Roger Wheeler v. Thomas Simpson


OPINION and JUDGMENT filed : AFFIRMED. Decision for publication. (Pursuant to U.S. Supreme Court judgment.) Gilbert S. Merritt (CONCURRING), Richard Allen Griffin (AUTHORING), and Helene N. White, Circuit Judges.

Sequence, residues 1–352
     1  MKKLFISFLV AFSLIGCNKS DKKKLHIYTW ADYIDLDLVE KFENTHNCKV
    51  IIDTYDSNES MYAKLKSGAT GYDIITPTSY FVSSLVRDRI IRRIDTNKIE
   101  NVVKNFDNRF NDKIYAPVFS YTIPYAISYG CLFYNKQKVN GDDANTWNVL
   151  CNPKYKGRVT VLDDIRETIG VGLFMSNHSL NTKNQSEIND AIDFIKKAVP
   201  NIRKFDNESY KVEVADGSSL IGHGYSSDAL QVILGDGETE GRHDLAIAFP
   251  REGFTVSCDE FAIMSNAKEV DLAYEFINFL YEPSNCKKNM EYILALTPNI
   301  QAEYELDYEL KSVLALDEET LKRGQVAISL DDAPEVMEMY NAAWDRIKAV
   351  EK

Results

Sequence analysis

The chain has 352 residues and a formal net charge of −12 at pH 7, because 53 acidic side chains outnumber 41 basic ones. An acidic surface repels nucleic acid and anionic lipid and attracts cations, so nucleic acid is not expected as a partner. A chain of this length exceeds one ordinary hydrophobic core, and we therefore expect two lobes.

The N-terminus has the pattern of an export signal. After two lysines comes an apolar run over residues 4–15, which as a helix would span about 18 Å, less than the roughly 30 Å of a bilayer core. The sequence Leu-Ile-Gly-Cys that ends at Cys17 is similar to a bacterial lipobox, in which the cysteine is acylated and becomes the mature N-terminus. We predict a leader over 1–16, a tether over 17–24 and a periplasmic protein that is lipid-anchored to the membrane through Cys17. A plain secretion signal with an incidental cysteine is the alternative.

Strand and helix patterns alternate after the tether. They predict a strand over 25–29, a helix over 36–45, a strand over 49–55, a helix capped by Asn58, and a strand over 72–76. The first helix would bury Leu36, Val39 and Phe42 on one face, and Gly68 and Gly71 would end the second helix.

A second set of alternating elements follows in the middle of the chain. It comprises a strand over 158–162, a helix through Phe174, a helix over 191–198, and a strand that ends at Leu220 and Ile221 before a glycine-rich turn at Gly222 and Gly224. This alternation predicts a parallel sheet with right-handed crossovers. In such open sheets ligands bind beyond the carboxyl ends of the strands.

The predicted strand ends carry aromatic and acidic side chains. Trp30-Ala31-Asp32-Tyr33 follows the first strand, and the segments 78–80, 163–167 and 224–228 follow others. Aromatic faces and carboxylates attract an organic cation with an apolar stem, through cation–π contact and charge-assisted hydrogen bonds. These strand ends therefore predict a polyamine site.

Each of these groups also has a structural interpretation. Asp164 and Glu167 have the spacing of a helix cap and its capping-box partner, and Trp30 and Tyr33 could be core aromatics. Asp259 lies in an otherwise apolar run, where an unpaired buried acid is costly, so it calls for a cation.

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Case: 11-5707 Document: 176-2 Filed: 03/23/2017 Page: 1 RECOMMENDED FOR FULL-TEXT PUBLICATION Pursuant to Sixth Circuit I.O.P. 32.1(b) File Name: 17a0066p.06 UNITED STATES COURT OF APPEALS FOR THE SIXTH CIRCUIT ROGER L. WHEELER, Petitioner-Appellant, ┐ │ │ > v. THOMAS L. SIMPSON, Warden, Respondent-Appellee. No. 11-5707 │ │ │ │ │ ┘ On Remand from the United States Supreme Court. No. 3:09-cv-00336—Joseph H. McKinley Jr., Chief District Judge. Argued: October 1, 2014 Decided and Filed: March 23, 2017 Before: MERRITT, GRIFFIN, and WHITE, Circuit Judges. _________________ COUNSEL ARGUED: Joseph T. Flood, SHELDON, FLOOD & HAYWOOD, PLC, Fairfax, Virginia, for Appellant. David W. Barr, OFFICE OF THE KENTUCKY ATTORNEY GENERAL, Frankfort, Kentucky, for Appellee. ON BRIEF: Joseph T. Flood, SHELDON, FLOOD & HAYWOOD, PLC, Fairfax, Virginia, David M. Barron, KENTUCKY DEPARTMENT OF PUBLIC ADVOCACY, Frankfort, Kentucky, for Appellant. David W. Barr, OFFICE OF THE KENTUCKY ATTORNEY GENERAL, Frankfort, Kentucky, for Appellee. GRIFFIN, J., delivered the opinion of the court in which MERRITT and WHITE, JJ., joined. MERRITT, J. (pg. 15), delivered a separate concurring opinion. Case: 11-5707 No. 11-5707 Document: 176-2 Filed: 03/23/2017 Page: 2 Wheeler v. Simpson Page 2 _________________ OPINION _________________ GRIFFIN, Circuit Judge. This habeas case returns to us on remand from the Supreme Court. Previously, this court granted habeas relief to petitioner Roger Wheeler based on the state trial court’s decision to remove a juror who could not give sufficient assurance of neutrality or impartiality in considering whether to impose the death penalty. See Wheeler v. Simpson, 779 F.3d 366, 374–75 (6th Cir.), rev’d sub nom. White v. Wheeler, 136 S. Ct. 456 (2015) (per curiam). Our majority opinion also addressed and rejected petitioner’s other claims relating to the guilt phase of the state trial proceedings, but left unresolved other claims relating to the penalty phase. See id. at 375. Both Wheeler and respondent Thomas Simpson (“Warden”) filed petitions for certiorari. The Supreme Court denied Wheeler’s petition, Wheeler v. White, 136 S. Ct. 688 (2015), but granted the Warden’s, reversing our decision to issue the writ and remanding for further proceedings, White, 136 S. Ct. at 462. We now address petitioner’s remaining claims certified for appeal. After doing so, we affirm the judgment of the district court. I. In 2001, a jury convicted petitioner of two counts of intentional murder. Petitioner’s victims were Nigel Malone and his girlfriend, Nairobi Warfield. The jury recommended a death sentence after finding one aggravating circumstance: that petitioner’s “act . . . of killing [was] intentional and resulted in multiple deaths[.]” Ky. Rev. Stat. § 532.025(2)(a)(6). The trial court followed the jury’s recommendation and imposed a death sentence for each conviction. On direct appeal, the Kentucky Supreme Court made the following findings of fact: On October 2, 1997, Louisville police discovered the bodies of [Malone and Warfield] in the apartment the victims shared. The male victim was found in a hallway near the bathroom. He had suffered nine stab wounds. Two stab wounds to the chest were considered the fatal wounds by the medical examiner. She described the crime scene as having blood spatters on the floor, walls, furniture and appliances. The medical examiner believed that the main struggle occurred in the kitchen and progressed to the hallway where the body of the male victim was found. Case: 11-5707 No. 11-5707 Document: 176-2 Filed: 03/23/2017 Page: 3 Wheeler v. Simpson Page 3 The female victim died as a result of manual strangulation. The medical examiner testified that she believed the struggle between the female and her assailant occurred in the bedroom where she was found. The female victim had multiple abrasions on the left side of her neck and lacerations with a bruise on her mouth and several bruises on her lips. Her body was found in a seated position, leaning against a bedroom wall. She was covered with a blanket or quilt and a [pair of] scissors was protruding from her neck. The medical testimony determined that she had been stabbed with the scissors after she was already dead. During the autopsy, the medical examiner discovered that the female victim was pregnant. There was blood on the floors and walls in nearly every room in the apartment. Numerous blood samples were also collected at the scene and were subject to laboratory testing. No fingerprints were found on the scissors. Wheeler denied killing the two victims but he changed his story on several occasions. Originally, he denied ever being inside of the apartment on the night the murders occurred but then later admitted being in the apartment on that night. He claimed that Nigel Malone was already stabbed, but that he did not see Nairobi Warfield. He also asserts that the assailant was already inside the apartment and he and that person fought which was why he was wounded. Wheeler v. Commonwealth, 121 S.W.3d 173, 178 (Ky. 2003). The court affirmed petitioner’s convictions and sentences. Id. at 189. Following his direct appeal, petitioner sought postconviction relief in the state courts, which was denied. See Wheeler v. Commonwealth, No. 2006-SC-000901-MR, 2008 WL 5051579, at *11 (Ky. Nov. 26, 2008) (unpublished). Wheeler filed the instant petition for a writ of habeas corpus in 2009. A magistrate judge recommended granting the Warden’s motion for summary judgment and denying the habeas corpus petition. The district court agreed with the magistrate judge and denied the petition. The district court granted a COA as to ten claims, and we later expanded the COA to include two additional claims. Having previously decided petitioner’s guilt-phase claims, and the Supreme Court having denied his certiorari petition, our decision regarding those claims is law-of-the-case. See, e.g., Bowles v. Russell, 432 F.3d 668, 676 (6th Cir. 2005), aff’d, 551 U.S. 205 (2007) (“[O]nce an appellate court either expressly or by necessary implication decides an issue, the decision will be binding upon all subsequent proceedings in the same case.”) (citation omitted). It also goes without saying that we cannot revisit petitioner’s juror-bias claim, the Supreme Court having Case: 11-5707 No. 11-5707 Document: 176-2 Filed: 03/23/2017 Wheeler v. Simpson Page: 4 Page 4 reversed our holding as to that claim. We turn then to petitioner’s remaining penalty-phase claims. II. The Antiterrorism and Effective Death Penalty Act of 1996 limits federal habeas review of state court proceedings and provides that an application for a writ of habeas corpus shall not be granted with respect to any claim that was adjudicated on the merits in state court proceedings unless adjudication of the claim: (1) resulted in a decision that was contrary to, or involved an unreasonable application of, clearly established Federal law, as determined by the Supreme Court of the United States; or (2) resulted in a decision that was based on an unreasonable determination of the facts in light of the evidence presented in the State court proceeding. 28 U.S.C. § 2254(d). A state court adjudication is “contrary to” Supreme Court precedent under § 2254(d)(1) “if the state court arrives at a conclusion opposite to that reached by [the Supreme] Court on a question of law[,]” or “if the state court confronts facts that are materially indistinguishable from a relevant Supreme Court precedent and arrives at [an opposite result].” Williams v. Taylor, 529 U.S. 362, 405 (2000). Under the “unreasonable application” clause of § 2254(d)(1), habeas relief is available if “the state court identifies the correct governing legal principle from [the Supreme Court’s] decisions but unreasonably applies that principle to the facts of the prisoner’s case[.]” Harris v. Haeberlin, 526 F.3d 903, 909 (6th Cir. 2008) (citations omitted). “In order for a federal court to find a state court’s application of [Supreme Court] precedent ‘unreasonable,’ the state court’s decision must have been more than incorrect or erroneous,” but rather “must have been ‘objectively unreasonable.’” Wiggins v. Smith, 539 U.S. 510, 520–21 (2003) (citations omitted). That means even clear error will not suffice. Rather, as a condition for obtaining habeas corpus from a federal court, a state prisoner must show that the state court’s ruling on the claim being presented in federal court was so lacking in justification that there was an error well understood and comprehended in existing law beyond any possibility for fairminded disagreement. Case: 11-5707 No. 11-5707 Document: 176-2 Filed: 03/23/2017 Wheeler v. Simpson Page: 5 Page 5 White v. Woodall, ––– U.S. –––, 134 S. Ct. 1697, 1702 (2014) (emphasis added, citations, quotation marks, and alterations omitted). In short, the standard for obtaining federal habeas relief is “difficult to meet.” Id. (citation omitted). On appeal, we review “de novo a district court’s legal conclusions and mixed questions of law and fact and review[] its factual findings for clear error.” Moore v. Mitchell, 708 F.3d 760, 774 (6th Cir. 2013). III. Petitioner first argues that the trial court improperly admitted evidence as to the availability of prison furloughs in the future. Specifically, petitioner asserts that, through this evidence, the jury was led to believe that “unless [it] imposed a sentence of death, [petitioner] might one day be released into the community on furloughs,” which petitioner argues was “irrelevant speculation that unfairly tilted the evidence in favor of a death sentence in violation of [his] constitutional right to a reliable capital sentencing determination.” This claim is procedurally defaulted. A habeas petitioner procedurally defaults a claim if: (1) the petitioner fails to comply with a state procedural rule; (2) the state courts enforce the rule; (3) the state procedural rule is an adequate and independent state ground for denying review of a federal constitutional claim; and (4) the petitioner cannot show cause and prejudice excusing the default. Guilmette v. Howes, 624 F.3d 286, 290 (6th Cir. 2010) (citation omitted). Petitioner acknowledges that he failed to raise this claim on direct appeal, asserting it for the first time in his state post-conviction proceeding. Thus, petitioner “fail[ed] to comply with [Kentucky’s] procedural rule[,]” id., namely that a post-conviction proceeding is not the place for a “convicted defendant to retry issues which could and should have been raised in the original proceeding, nor those that were raised in the trial court and upon an appeal considered by [the Kentucky Supreme Court].” Thacker v. Commonwealth, 476 S.W.2d 838, 839 (Ky. 1972). Consistent with this rule, the Kentucky Supreme Court declined to review the merits of this claim in petitioner’s post-conviction appeal. Wheeler, 2008 WL 5051579, at *9 (“If Appellant wanted to challenge the [furlough] evidence presented at trial, he should have done so in his Case: 11-5707 Document: 176-2 No. 11-5707 Filed: 03/23/2017 Page: 6 Wheeler v. Simpson direct appeal, not by means of a [post-conviction collateral proceeding].”). Page 6 This is an independent and adequate state ground for denying review. See Lucas v. O’Dea, 179 F.3d 412, 418 (6th Cir. 1999). Nor has petitioner demonstrated cause and prejudice to excuse this default. In the district court, he asserted that his direct appeal counsel provided ineffective assistance in failing to raise this issue, and that this ineffective assistance amounted to cause and prejudice, but he does not do so in this court. Petitioner has therefore abandoned any argument regarding cause and prejudice. See Post v. Bradshaw, 621 F.3d 406, 427 (6th Cir. 2010). In this court, he argues that the claim should not be regarded as defaulted because the state court addressed the merits of the issue in addressing his post-conviction ineffective-assistance-of-trial-counsel claim. However, assuming we accept this argument, and assuming that the Kentucky Supreme Court’s discussion can be read as a determination that the trial court properly admitted the evidence, Wheeler still has not shown that the admission of the evidence rendered the sentencing process uncertain and unreliable in violation of the Eighth Amendment. His reliance on Woodson v. North Carolina, 428 U.S. 280, 305 (1976) is misplaced. IV. Petitioner raises another claim related to evidence of furloughs. Specifically, he claims that his trial counsel was ineffective for introducing testimony that he had received furloughs during his previous incarceration. Petitioner argues that this testimony “suggest[ed] to the jury, . . . [that] the defendant could receive a furlough during which he could commit another violent crime” and “opened the door for the prosecution to utilize the furlough evidence to prejudice the jury, to play up [petitioner’s] violent criminal history and failure to learn a lesson in prison, and to let the jury know it was possible [petitioner] could receive a furlough if sentenced to less than death.” In its post-conviction decision, the Kentucky Supreme Court found trial counsel’s introduction of this evidence was a strategic attempt to show that petitioner had previously been such a model prisoner that he received two furloughs, and was not ineffective assistance of counsel. Wheeler, 2008 WL 5051579, at *10. Case: 11-5707 No. 11-5707 Document: 176-2 Filed: 03/23/2017 Page: 7 Wheeler v. Simpson Page 7 The general standards governing a claim of ineffective assistance of counsel are set forth in Strickland v. Washington, 466 U.S. 668 (1984). To demonstrate ineffective assistance of counsel, “[a] petitioner must show that counsel’s performance was deficient, and that the deficiency prejudiced the defense.” Wiggins, 539 U.S. at 521 (citing Strickland, 466 U.S. at 687). In the context of a death sentence, the question of prejudice turns on “whether there is a reasonable probability that, absent the errors, the sentencer—including an appellate court, to the extent it independently reweighs the evidence—would conclude that the balance of aggravating and mitigating circumstances did not warrant death.” Hill v. Mitchell, 400 F.3d 308, 314 (6th Cir. 2005) (quoting Strickland, 466 U.S. at 695). “When § 2254(d) applies, the question is not whether counsel’s actions were reasonable. The question is whether there is any reasonable argument that counsel satisfied Strickland’s deferential standard.” Harrington v. Richter, 562 U.S. 86, 105 (2011). We conclude that petitioner has not shown that the Kentucky Supreme Court’s conclusion that trial counsel was pursuing a reasonable strategy with regard to the furlough testimony was contrary to, or an unreasonable application of, Strickland. At the penalty phase, petitioner’s counsel introduced a variety of evidence intended to establish that petitioner had been a model prisoner during previous incarcerations, including evidence of furloughs. For example, petitioner’s trial counsel introduced the testimony of Michael Cooper, an employee at the Luther Luckett Correctional Complex where petitioner had served a prior term of incarceration. Cooper testified that petitioner worked for him as a janitor in the Property Room and exhibited a “good work ethic” and required “very, very little supervision.” Cooper testified he was not aware of any disciplinary action ever being taken against petitioner. According to Cooper, petitioner received two furloughs while incarcerated. Cooper added that he did not know whether prisons still offered furloughs, but believed that none had been granted “for several years,” noting that such a grant was “extremely rare.” Petitioner’s counsel also introduced the testimony of Robin Rawlings, who had recently worked as a Classification and Treatment Officer with the Department of Corrections and as a Probation and Parole Officer with the Commonwealth’s Department of Justice. Rawlings Case: 11-5707 No. 11-5707 Document: 176-2 Filed: 03/23/2017 Page: 8 Wheeler v. Simpson Page 8 testified that, as an inmate, petitioner worked as a janitor in the administration building, which included the offices for the prison warden and the deputy warden. Rawlings indicated that she spoke with petitioner every day, and she was not aware of any complaints, conflicts, or problems from either the staff or other inmates regarding him. Rawlings also worked with petitioner within a small group setting to assist inmates with their chemical dependency issues. Prison life is “very regulated and dictated by rules[,]” according to Rawlings, and petitioner was a “model inmate.” Rawlings was also queried about furloughs. To that end, Rawlings testified that, based on the policy in place at the time she was employed at the prison, she was “positive” that petitioner would not be eligible for a furlough given his two murder convictions. On crossexamination, the prosecutor also asked Rawlings about furloughs: [PROSECUTOR]: Um, Ms. Rawlings, uh, as far as furloughs are concerned, there was a time when individuals who were convicted of murder were granted furloughs, is that correct? ROBIN RAWLINGS: Yes, sir, that’s true. [PROSECUTOR]: Okay, and they changed the policy at some point, right? ROBIN RAWLINGS: Yes, they did. [PROSECUTOR]: Okay, and you can’t, uh, tell this jury what the policy is going to be in the future, 20, 30 years? You don’t know that, do you? ROBIN RAWLINGS: That’s true, sir. [PROSECUTOR]: Okay, policies change? ROBIN RAWLINGS: Yes, they do. The record indicates that, when introducing testimony about petitioner’s prior furloughs, petitioner’s trial counsel was attempting to obtain a sentence other than death for petitioner. For example, during closing arguments, petitioner’s trial counsel stated: We’re not saying that these people did not suffer or that their families do not continue to suffer. We are telling you that the death penalty is not your only option. If you find the mitigation, if you find any redeeming qualities, and there are some there, you should give him his life. Testimony by Cooper and Rawlings showed that Wheeler worked well within the structured environment of prison during the time of his previous incarceration. Wheeler had already Case: 11-5707 No. 11-5707 Document: 176-2 Filed: 03/23/2017 Wheeler v. Simpson Page: 9 Page 9 admitted to being a convicted felon during his guilt-phase testimony. At the penalty phase, the prosecution introduced evidence that petitioner pleaded guilty to ten counts of robbery on November 20, 1991, for which he was sentenced to twenty years of imprisonment, and that, later, on August 13, 1998, petitioner was convicted for illegal possession of a controlled substance (cocaine), for which he received a sentence of one year. In the context of this record, petitioner’s counsel argued that petitioner suffered from a drug addiction but could otherwise thrive within the structured environment of prison life: When you think of these offenses, I would think of someone who’s been in trouble all their lives, who’s never been responsible, who’s never been stable, who could never hold a job, who could never find someone to love him or care about him. But that’s not what we found here in the case of Roger Wheeler. We have found someone who has been, at one time, responsible and capable and stable and able to work and able to contribute, and I think he can still contribute in the penitentiary. Based on this record, we conclude that petitioner is not entitled to relief on his ineffective-assistance-of-trial-counsel claim. A petitioner has a constitutional right to present testimony during the penalty phase about his good behavior while incarcerated. See Skipper v. South Carolina, 476 U.S. 1, 4 (1986). That is what petitioner’s trial counsel did. The furlough evidence took two forms: the model-prisoner mitigation testimony (e.g., Cooper’s direct examination) and the furloughs-for-murderers testimony (e.g., Rawlings’ cross-examination). Although the Kentucky Supreme Court cited the more positive furlough testimony as one of the reasons for affirming the admissibility of Rawlings’ negative testimony, that does not negate the fact that the furloughs showed the trust petitioner had earned with prison officials, and that trial counsel had a reasonable strategy for introducing it. In Campbell v. Bradshaw, 674 F.3d 578, 588 (6th Cir. 2012), this court concluded that trial counsel was not ineffective for introducing the petitioner’s entire incarceration record (including bad conduct while in custody) during the penalty phase of trial because it was “part of a strategic effort to be candid with the jury about Campbell’s past in an effort to gain credibility and, ultimately, obtain a life sentence for Campbell.” No prejudice resulted in that case because a mental health expert addressed the same information and the jury heard much of the negative information from other sources. Id. at 589. The same occurred here, and thus, the same result is warranted. Notwithstanding the furlough Case: 11-5707 Document: 176-2 No. 11-5707 Filed: 03/23/2017 Page: 10 Wheeler v. Simpson Page 10 testimony, the jury was aware that petitioner had served only a fraction of his twenty-year sentence from his prior convictions. V. Petitioner raises another ineffective assistance of counsel claim related to the furlough testimony. Specifically, petitioner argues that his counsel was constitutionally ineffective for failing to object when the prosecutor cross-examined Rawlings about the potential availability of future furloughs and when the prosecutor raised the furlough issue in closing arguments. We disagree. Initially, as for his claim regarding his counsel’s failure to object at oral argument, this claim is procedurally defaulted. Petitioner did not raise this claim in state court, and consequently the Kentucky Supreme Court’s decision was silent on the issue. See Wheeler, 2008 WL 5051579. Under Kentucky’s rules of criminal procedure, petitioner had three years “after the judgment [became] final” to raise this issue. Roach v. Commonwealth, 384 S.W.3d 131, 135 (Ky. 2012) (explaining Ky. R. Cr. 11.42(10)). That time has now passed. Accordingly, petitioner has procedurally defaulted this claim. See Lovins v. Parker, 712 F.3d 283, 295 (6th Cir. 2013) (“[A] claim is procedurally defaulted where the petitioner failed to exhaust state court remedies, and the remedies are no longer available at the time the federal petition is filed because of a state procedural rule.”). Nor is habeas relief appropriate on petitioner’s claim regarding his counsel’s failure to object during Rawlings’ cross-examination. This claim is not procedurally defaulted because petitioner raised it in his state post-conviction relief proceedings. However, petitioner cannot show deficient performance or prejudice arising from his trial counsel’s failure to object to the prosecution’s cross-examination of Rawlings. The Kentucky Supreme Court rejected the claim, observing that the information contained within Rawlings’ testimony was accurate and not misleading, and trial counsel was accordingly not ineffective for failing to object to it. Wheeler, 2008 WL 5051579, at *10. The court further found that because petitioner introduced the furlough evidence in mitigation, the prosecutor was allowed to challenge it. Id. Petitioner’s concern about the speculative nature of Rawlings’ testimony is also unavailing. In California v. Case: 11-5707 Document: 176-2 No. 11-5707 Filed: 03/23/2017 Wheeler v. Simpson Page: 11 Page 11 Ramos, 463 U.S. 992, 1004 (1983), the Supreme Court rejected a similar argument—that a jury should not be instructed that a governor has the power to commute a sentence of life without parole as speculative and misleading—because the instruction in question “gives the jury accurate information of which both the defendant and his counsel are aware, and it does not preclude the defendant from offering any evidence or argument regarding the Governor’s power to commute a life sentence.” (footnote omitted). The same is true here. VI. Petitioner also challenges the penalty-phase jury instructions, alleging that they violated Mills v. Maryland, 486 U.S. 367 (1988), by improperly instructing jurors that they were required to be unanimous regarding the presence of mitigating factors. This issue was raised on direct appeal, and the Kentucky Supreme Court found no constitutional error. Wheeler, 121 S.W.3d at 188–89. “The Constitution forbids imposition of the death penalty if the sentencing judge or jury is ‘precluded from considering, as a mitigating factor, any aspect of a defendant’s character or record and any of the circumstances of the offense that the defendant proffers as a basis for a sentence less than death.’” Henness v. Bagley, 644 F.3d 308, 328 (6th Cir. 2011) (quoting Smith v. Spisak, 558 U.S. 139, 144 (2010)). “A challenge to a jury instruction is not to be viewed in ‘artificial isolation,’ but rather must be considered within the context of the overall instructions and trial record as a whole.” Hanna v. Ishee, 694 F.3d 596, 620–21 (6th Cir. 2012) (quoting Estelle v. McGuire, 502 U.S. 62, 72 (1991)). “To warrant habeas relief, ‘jury instructions must not only have been erroneous, but also, taken as a whole, so infirm that they rendered the entire trial fundamentally unfair. The burden is even greater than that required to demonstrate plain error on appeal.’” Buell v. Mitchell, 274 F.3d 337, 355 (6th Cir. 2001) (quoting Scott v. Mitchell, 209 F.3d 854, 882 (6th Cir. 2000)). Petitioner’s claim lacks merit. Essentially, petitioner’s argument is that because the trial court instructed the jurors that their verdict had to be unanimous, but was silent in instructing them about unanimity as applied to mitigating factors, the jurors must have inferred that their mitigating-factor determinations must also be unanimous. However, “failing to expressly state Case: 11-5707 No. 11-5707 Document: 176-2 Filed: 03/23/2017 Wheeler v. Simpson Page: 12 Page 12 that mitigating factors need not be unanimously found does not improperly imply that mitigating factors must be unanimously found.” Williams v. Anderson, 460 F.3d 789, 808 n.5 (6th Cir. 2006). Here, the trial court used the word “unanimous” only once, to explain that the verdict must be so: “The verdict of the jury must be in writing, must be unanimous, and must be signed by one of you as Foreperson.” The verdict form required only that the jury find an aggravating circumstance to recommend the death sentence. Requiring a unanimous verdict as to the sentence is not unconstitutional. See Moore, 708 F.3d at 794. Accordingly, although the Kentucky Supreme Court’s decision did not refer to Mills, its finding of no constitutional error was not contrary to, nor would it have been an unreasonable application of, Mills. See Slagle v. Bagley, 457 F.3d 501, 513–14 (6th Cir. 2006) (citation omitted) (holding that a state court in its decision need not cite or be aware of relevant Supreme Court cases so long as its reasoning and result are consistent with them). VII. Next, petitioner claims that several statements by the prosecutor during the penalty phase amounted to misconduct. Specifically, petitioner claims that the prosecutor made constitutionally impermissible statements when referring to petitioner’s evidence of his struggles with substance abuse as “excuses” and when allegedly offering his personal opinion about the case and petitioner’s decision to present mitigation testimony from his thirteen-year-old son. He alleges that these statements denied him a fundamentally fair trial in violation of his constitutional due process rights. We disagree. A petitioner faces a high bar when bringing claims of prosecutorial misconduct. “For the prosecutor’s misconduct to violate the defendant’s due process rights, it ‘is not enough that the prosecutor’s remarks were undesirable or even universally condemned’; instead those comments must ‘so infect[] the trial with unfairness as to make the resulting conviction a denial of due process.’” Beuke v. Houk, 537 F.3d 618, 646 (6th Cir. 2008) (quoting Darden v. Wainwright, 477 U.S. 168, 181 (1986)). Indeed, “[t]he prosecution . . . has ‘wide latitude’ during closing argument to respond to the defense’s strategies, evidence and arguments.” Bedford v. Collins, 567 F.3d 225, 233 (6th Cir. 2009) (quoting United States v. Henry, 545 F.3d 367, 377 (6th Cir. 2008)). Case: 11-5707 No. 11-5707 Document: 176-2 Filed: 03/23/2017 Page 13 Wheeler v. Simpson Petitioner is not entitled to relief on these claims. Page: 13 The wide latitude afforded to prosecutors was properly exercised here. The prosecution did not tell the jury not to consider Wheeler’s mitigation testimony, but rather questioned the weight to be given to it. To the extent that either comment approached the bounds of permissible closing argument, the Kentucky Supreme Court’s decision that they did not cross the line into a constitutional violation was not contrary to, or an unreasonable application of, clearly established federal law. Wheeler, 121 S.W.3d at 189; 28 U.S.C. § 2254(d)(1); Beuke, 537 F.3d at 646. VIII. Petitioner also claims that Kentucky’s proportionality review violates the Eighth Amendment and denied him due process. Specifically, petitioner argues that Kentucky’s proportionality review is unconstitutional because it only incorporates cases in which the death sentence was imposed and thus results in an arbitrary application of death sentences. We disagree. As this court previously explained in Bowling v. Parker: The Supreme Court has held that the Constitution does require proportionality review, but that it only requires proportionality between the punishment and the crime, not between the punishment in this case and that exacted in other cases. See Pulley v. Harris, 465 U.S. 37, 50 (1984). Although “[t]here is no federal constitutional requirement that a state appellate court conduct a comparative proportionality review,” McQueen v. Scroggy, 99 F.3d 1302, 1333–34 (6th Cir. 1996), cert. denied, 521 U.S. 1130 (1997), Kentucky law does require the Kentucky Supreme Court to engage in comparative proportionality review. See Ky. Rev. Code Ann. § 532.075(3)(c). Although claimed violations of state law are generally not cognizable on habeas, the Supreme Court has left room for the argument that a state-law error could, potentially, “be sufficiently egregious to amount to a denial of equal protection or of due process of law guaranteed by the Fourteenth Amendment.” Harris, 465 U.S. at 41. 344 F.3d 487, 521 (6th Cir. 2003) (parallel citations omitted). The Bowling court expressed skepticism over whether § 532.075(3)(c) created a due process interest, noting that “the statute only explains what the Kentucky Supreme Court needs to consider—similar cases, the crime, and the defendant—it does not tell that court how to make this decision. This suggests . . . that no due-process right exists” pursuant to § 532.075(3)(c). Id. at 521–22. Case: 11-5707 No. 11-5707 Document: 176-2 Filed: 03/23/2017 Page: 14 Wheeler v. Simpson Page 14 Petitioner attempts to distinguish this case from Bowling, arguing that it “considered only a due process argument and merely noted that proportionality review is not required in light of Harris” but did not address what petitioner calls “threshold” statutes. According to petitioner, “Gregg [v. Georgia, 428 U.S. 153 (1976),] and [Zant v.] Stephens, [462 U.S. 862 (1983),] require jurisdictions with ‘threshold’ statutes to consider in proportionality review cases where the death penalty was not imposed.” Petitioner defines “threshold statutes” as akin to “Georgia’s and Kentucky’s statutes that permit juries to impose death as long as an aggravator is found and mitigation considered.” The Supreme Court in Harris, however, saw things differently: While emphasizing the importance of mandatory appellate review under the Georgia statute, [Stephens], 103 S. Ct., at 2742, we did not hold that without comparative proportionality review the statute would be unconstitutional. To the contrary, we relied on the jury’s finding of aggravating circumstances, not the State Supreme Court’s finding of proportionality, as rationalizing the sentence. Thus, the emphasis was on the constitutionally necessary narrowing function of statutory aggravating circumstances. Proportionality review was considered to be an additional safeguard against arbitrarily imposed death sentences, but we certainly did not hold that comparative review was constitutionally required. There is thus no basis in our cases for holding that comparative proportionality review by an appellate court is required in every case in which the death penalty is imposed and the defendant requests it. Indeed, to so hold would effectively overrule Jurek [v. Texas, 428 U.S. 262 (1976),] and would substantially depart from the sense of Gregg and Proffitt [v. Florida, 428 U.S. 242 (1976)]. We are not persuaded that the Eighth Amendment requires us to take that course. 465 U.S. at 50–51 (footnote omitted). Because petitioner offers no Supreme Court precedent supporting his notion that the Kentucky Supreme Court should have compared his case to cases in which the death penalty was not imposed, we conclude he is not entitled to relief on this claim. IX. For the foregoing reasons, we conclude that petitioner is not entitled to habeas relief on any of his claims. We therefore affirm the judgment of the district court. Case: 11-5707 No. 11-5707 Document: 176-2 Filed: 03/23/2017 Wheeler v. Simpson Page: 15 Page 15 _________________ CONCURRENCE _________________ MERRITT, Circuit Judge, concurring. I continue to believe that the Ohio acquittal-first jury instructions in this case and many others are highly confusing. It could easily lead one or more jurors to believe that they may not excuse the defendant from the death penalty and impose life imprisonment unless they first acquit the defendant when weighing aggravators and mitigators. I have set this argument out in detail several times, most recently in a majority opinion, Mitts v. Bagley, 620 F.3d 650, 656-58 (6th Cir. 2010), rev’d sub nom. Bobby v. Mitts, 563 U.S. 395 (2011); but as this citation indicates, the Supreme Court did not agree. Of course, I am now bound to follow the Supreme Court holding even though I believe its result and its reasoning are wrong.